When they hit a wall hard in the east wing, Josef asked, "Are you drunk?"
The attendant didn't answer. Transferring board-stiff, blessedly mute clients was one thing, moving bodies that asked you why their coverings weren't made of Egyptian cotton (and what the thread count was) was another.
The ramming of the gurney hard into the side of the corridor had been payback.
"Gasol!" shouted Dr. Barton, the chief coroner, with a finger in the air, just before the double doors of the elevator shut in his face. Guillermo breathed a sigh of relief, encapsulated inside with his burden and a couple of men in blue. Quickly, he punched a button and whistled La Cucaracha off-key.
There was an audible groan under the sheet.
Guillermo smiled sheepishly at the two officers with puzzled expressions on their faces. "Bad enchilada," he muttered, rubbing his tummy.
When the police weren't looking, he gave the gurney a nasty shake and whistled louder.
The elevator had released its prisoners on their level, all except one tone-deaf morgue assistant and his charge. When the doors opened once more Guillermo stared out, eyes narrowing, as he realized he'd pressed the button for the wrong floor. He scowled and moved to click GF.
That's when Shirley of Anderson's Funeral Home put a hand on the door. "Hi Gui!" she cried, swiping her curly mop behind an ear and batting gooey eyelashes. Guillermo moaned inwardly. This mortician had been trying her best to catch his attention for weeks.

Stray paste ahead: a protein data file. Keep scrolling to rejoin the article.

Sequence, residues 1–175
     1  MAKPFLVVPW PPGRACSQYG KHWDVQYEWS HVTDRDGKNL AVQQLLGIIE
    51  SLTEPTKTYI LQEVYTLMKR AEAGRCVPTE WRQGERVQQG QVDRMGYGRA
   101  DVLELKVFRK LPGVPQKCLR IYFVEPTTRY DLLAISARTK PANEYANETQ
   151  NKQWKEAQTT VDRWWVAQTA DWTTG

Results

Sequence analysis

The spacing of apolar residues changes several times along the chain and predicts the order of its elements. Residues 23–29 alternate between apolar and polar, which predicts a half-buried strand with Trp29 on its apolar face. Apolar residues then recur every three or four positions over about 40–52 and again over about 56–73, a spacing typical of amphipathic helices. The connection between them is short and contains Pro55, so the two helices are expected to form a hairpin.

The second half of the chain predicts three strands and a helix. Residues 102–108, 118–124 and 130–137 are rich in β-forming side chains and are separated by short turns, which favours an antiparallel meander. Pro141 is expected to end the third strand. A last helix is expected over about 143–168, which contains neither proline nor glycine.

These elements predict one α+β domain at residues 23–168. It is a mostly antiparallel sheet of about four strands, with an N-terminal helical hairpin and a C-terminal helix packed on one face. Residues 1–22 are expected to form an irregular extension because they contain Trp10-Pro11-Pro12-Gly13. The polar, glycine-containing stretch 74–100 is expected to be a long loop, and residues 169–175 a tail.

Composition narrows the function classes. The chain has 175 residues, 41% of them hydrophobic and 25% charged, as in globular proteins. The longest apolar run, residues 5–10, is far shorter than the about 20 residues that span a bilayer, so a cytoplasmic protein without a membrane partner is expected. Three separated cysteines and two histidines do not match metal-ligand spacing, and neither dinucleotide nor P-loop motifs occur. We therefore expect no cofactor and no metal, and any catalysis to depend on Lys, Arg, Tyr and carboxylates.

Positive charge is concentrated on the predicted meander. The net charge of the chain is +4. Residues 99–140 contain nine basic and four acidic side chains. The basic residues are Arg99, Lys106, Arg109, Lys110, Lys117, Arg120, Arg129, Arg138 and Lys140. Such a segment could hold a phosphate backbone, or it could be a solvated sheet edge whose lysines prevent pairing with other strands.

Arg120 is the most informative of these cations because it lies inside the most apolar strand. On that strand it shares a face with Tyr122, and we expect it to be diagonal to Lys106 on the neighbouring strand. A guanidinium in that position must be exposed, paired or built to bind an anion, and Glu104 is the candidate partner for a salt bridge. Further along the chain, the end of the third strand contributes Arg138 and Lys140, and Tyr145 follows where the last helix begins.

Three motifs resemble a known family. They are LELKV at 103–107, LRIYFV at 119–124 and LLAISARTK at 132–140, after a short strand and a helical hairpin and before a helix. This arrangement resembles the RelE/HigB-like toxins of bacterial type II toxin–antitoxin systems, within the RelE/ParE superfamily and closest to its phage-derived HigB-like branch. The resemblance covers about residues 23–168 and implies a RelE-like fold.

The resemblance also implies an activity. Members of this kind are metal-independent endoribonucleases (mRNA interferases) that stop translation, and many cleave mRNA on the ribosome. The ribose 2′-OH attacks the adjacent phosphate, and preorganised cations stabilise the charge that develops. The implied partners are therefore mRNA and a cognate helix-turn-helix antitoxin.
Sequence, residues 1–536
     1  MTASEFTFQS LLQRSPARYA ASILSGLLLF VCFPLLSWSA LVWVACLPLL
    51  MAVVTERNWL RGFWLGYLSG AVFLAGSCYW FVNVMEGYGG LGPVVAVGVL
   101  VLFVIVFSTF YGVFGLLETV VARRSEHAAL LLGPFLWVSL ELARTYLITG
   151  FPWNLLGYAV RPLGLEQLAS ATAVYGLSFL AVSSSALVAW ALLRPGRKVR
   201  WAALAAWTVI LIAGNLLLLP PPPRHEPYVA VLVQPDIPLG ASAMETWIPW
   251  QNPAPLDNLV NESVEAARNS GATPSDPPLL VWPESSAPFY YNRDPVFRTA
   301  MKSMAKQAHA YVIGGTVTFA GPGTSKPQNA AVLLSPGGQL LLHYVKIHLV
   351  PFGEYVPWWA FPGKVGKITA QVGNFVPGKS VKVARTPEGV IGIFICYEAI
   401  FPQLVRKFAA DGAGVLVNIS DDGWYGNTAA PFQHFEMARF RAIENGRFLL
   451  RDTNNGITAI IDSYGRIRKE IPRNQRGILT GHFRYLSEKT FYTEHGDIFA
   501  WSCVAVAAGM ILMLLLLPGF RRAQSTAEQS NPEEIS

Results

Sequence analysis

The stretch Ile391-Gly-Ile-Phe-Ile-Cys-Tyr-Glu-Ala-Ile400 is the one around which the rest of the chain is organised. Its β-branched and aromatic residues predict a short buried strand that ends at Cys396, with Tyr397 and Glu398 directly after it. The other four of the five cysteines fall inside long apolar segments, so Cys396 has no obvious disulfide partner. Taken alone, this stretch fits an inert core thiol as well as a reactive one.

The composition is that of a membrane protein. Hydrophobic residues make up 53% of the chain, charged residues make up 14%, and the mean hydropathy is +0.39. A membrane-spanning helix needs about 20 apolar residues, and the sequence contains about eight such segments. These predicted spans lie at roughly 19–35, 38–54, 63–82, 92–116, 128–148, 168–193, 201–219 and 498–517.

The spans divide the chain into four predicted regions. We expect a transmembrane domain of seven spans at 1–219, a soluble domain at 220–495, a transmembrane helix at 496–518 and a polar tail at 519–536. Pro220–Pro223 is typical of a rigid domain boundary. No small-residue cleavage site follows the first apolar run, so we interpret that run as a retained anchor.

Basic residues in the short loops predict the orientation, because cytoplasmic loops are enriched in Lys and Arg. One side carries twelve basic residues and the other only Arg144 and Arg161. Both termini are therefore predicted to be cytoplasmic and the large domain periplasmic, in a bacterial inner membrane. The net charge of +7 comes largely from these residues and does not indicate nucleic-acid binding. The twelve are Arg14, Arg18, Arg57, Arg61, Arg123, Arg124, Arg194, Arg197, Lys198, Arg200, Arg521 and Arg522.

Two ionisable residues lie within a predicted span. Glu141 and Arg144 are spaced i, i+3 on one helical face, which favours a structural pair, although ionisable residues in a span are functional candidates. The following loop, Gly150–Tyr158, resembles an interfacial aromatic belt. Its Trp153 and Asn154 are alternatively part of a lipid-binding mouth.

"Boy, could I ever use the help of a smart, handsome man!" she declared.
"Oh, now I get it. The family should have signed there, instead of here. No wonder security was giving me so much trouble. Thank heavens for you! The wife of this one," Shirley pointed at her own linen-covered mound, "wants Harold's ashes for a gathering tomorrow. I was afraid I'd never get him out of here and ready."
She gave Gasol a coquettish smile with her eyes, adding sweetly, "If you reconsider my dinner offer, you know where to find me." Then, off she trundled with Harry.
Guillermo sighed, glad that was over. Gripping Josef's gurney, he proceeded back to the elevator. It took no time to dawn on him, however, that the wheels didn't squeak like before, nor the body.
"Shirley!" Gasol ran after her before Kostan was crisped in a crematorium.
It had cost Guillermo one supper date for Shirley not to ask too many questions about the loud swearing coming from the slab she'd mistakenly rolled off with. She was a good sport, thankfully.
"It's a practical joke. Won't Terrence be surprised? I'll be by your place at seven tomorrow. Rice pilaf, yum." He waved the paper with her address excitedly and plastered on a grin until she left. There was no way he'd have taken her to the Chinese theatre, but she didn't want to see a movie anyway.
"Yuck, rice pilaf. There'd better be wine," he muttered.
Guillermo had had enough. It was all he could do not to dump his dead weight on the sidewalk and run. Thankfully, Terrence pulled his old compact up to the back entrance just in time.
Gasol abruptly wished Josef a goodnight and let his morgue counterpart (and fellow vampire) listen to a rant about the indignity of a cramped ride in a rusty Sprint. Terrence made a sour face at his co-worker before sliding back into the driver's seat.
Guillermo owed him big time.
Gasol re-entered the morgue with an empty cart, elated that the craziness was finally over.
Dr. Barton was there, displeased, tapping a toe.
"Where have you been? And where is that John Doe from the Kostan building? I need to do a preliminary report."
Guillermo rubbed his temples. If vampires could get headaches he'd have a whopper.
It was crappy hour at the morgue.
This was a challenge from an old Moonlight convention to use the words "echoes in the darkness".
Other titles in the running for this fic included:
"The Giant Thrill Ride"
"Ponies and Pilaf"
"Frankenstein Goes to Hollywood"
"I See Dead People"